The album closes with some boogie in the form of Junior Wells’ ‘Cut It Out’, evidently situated just before a break in their set, and a swinging piece of boogie on which they relax and let their hair hang down rather than attempting to do GBH to the audience.  Aptly, Butler offers up a harp solo based on ‘The Last Post’.

thanks bluesenthused.

They were started in the fall of 1977 by punk poet Chris Desjardins, a singer known for morbid lyrical themes. Their first gig was December 21st, 1977 at The Masque in Los Angeles. Musicians in various Flesh Eaters line-ups have included Stan Ridgway (Wall of Voodoo), John Doe (X), DJ Bonebrake (X), Dave Alvin (The Blasters), Bill Bateman (The Blasters) and Steve Berlin (The Blasters, Los Lobos). Considered by many to be a precursur of Death Rock, their music was a pastiche of rockabilly, road-house blues, punk rock and jazz.
The Flesh Eaters initially broke up in 1983. Desjardins performed with his new band, The Divine Horsemen until 1988. In 1989 Desjardins recorded an LP with the one-time group Stone-By-Stone. Shortly after this they changed their name back to The Flesh Eaters. They continued to perform on the west coast, ultimately recording two albums. They discontinued performances in the Spring of 1993. Since then, Desjardins has performed intermittently with a variety of musicians under this name. The most recent Flesh Eaters album Miss Muerte was released in 2004 on Atavistic Records. This label has also reissued “No Questions Asked” & “Hard Road To Follow”.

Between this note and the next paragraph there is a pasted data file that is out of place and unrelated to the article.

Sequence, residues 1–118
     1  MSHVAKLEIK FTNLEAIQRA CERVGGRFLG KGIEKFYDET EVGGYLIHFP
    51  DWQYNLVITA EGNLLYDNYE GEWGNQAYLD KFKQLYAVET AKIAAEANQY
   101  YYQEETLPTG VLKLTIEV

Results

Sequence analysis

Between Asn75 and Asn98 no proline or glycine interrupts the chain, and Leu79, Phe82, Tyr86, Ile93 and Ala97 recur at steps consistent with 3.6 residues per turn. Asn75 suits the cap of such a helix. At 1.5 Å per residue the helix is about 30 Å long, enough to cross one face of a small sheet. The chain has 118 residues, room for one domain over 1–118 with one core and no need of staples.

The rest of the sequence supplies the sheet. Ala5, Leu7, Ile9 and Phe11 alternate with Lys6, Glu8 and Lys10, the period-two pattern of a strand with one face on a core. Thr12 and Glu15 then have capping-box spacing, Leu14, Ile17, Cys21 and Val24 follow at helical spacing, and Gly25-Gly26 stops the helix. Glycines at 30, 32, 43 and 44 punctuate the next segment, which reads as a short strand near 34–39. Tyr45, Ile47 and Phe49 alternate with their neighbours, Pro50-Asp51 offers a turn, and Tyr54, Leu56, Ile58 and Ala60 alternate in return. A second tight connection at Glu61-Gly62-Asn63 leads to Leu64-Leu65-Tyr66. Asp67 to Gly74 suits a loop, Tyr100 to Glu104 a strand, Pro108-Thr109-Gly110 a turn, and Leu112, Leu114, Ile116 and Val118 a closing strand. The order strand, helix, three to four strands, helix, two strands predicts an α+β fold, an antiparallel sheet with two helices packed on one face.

In February 2006 it was announced that the original Flesh Eaters would perform several live shows. This particular line-up of The Flesh Eaters had not played together since the Spring of 1981. John Doe and DJ Bonebrake from X, Dave Alvin and Bill Bateman from The Blasters and Steve Berlin from Los Lobos were scheduled to appear for these shows.

The second single from the Flesh Eaters forthcoming album “I Used To Be Pretty” is “My Life To Live”, an updated recording of the song that originally appeared on their 1982 album Forever Came Today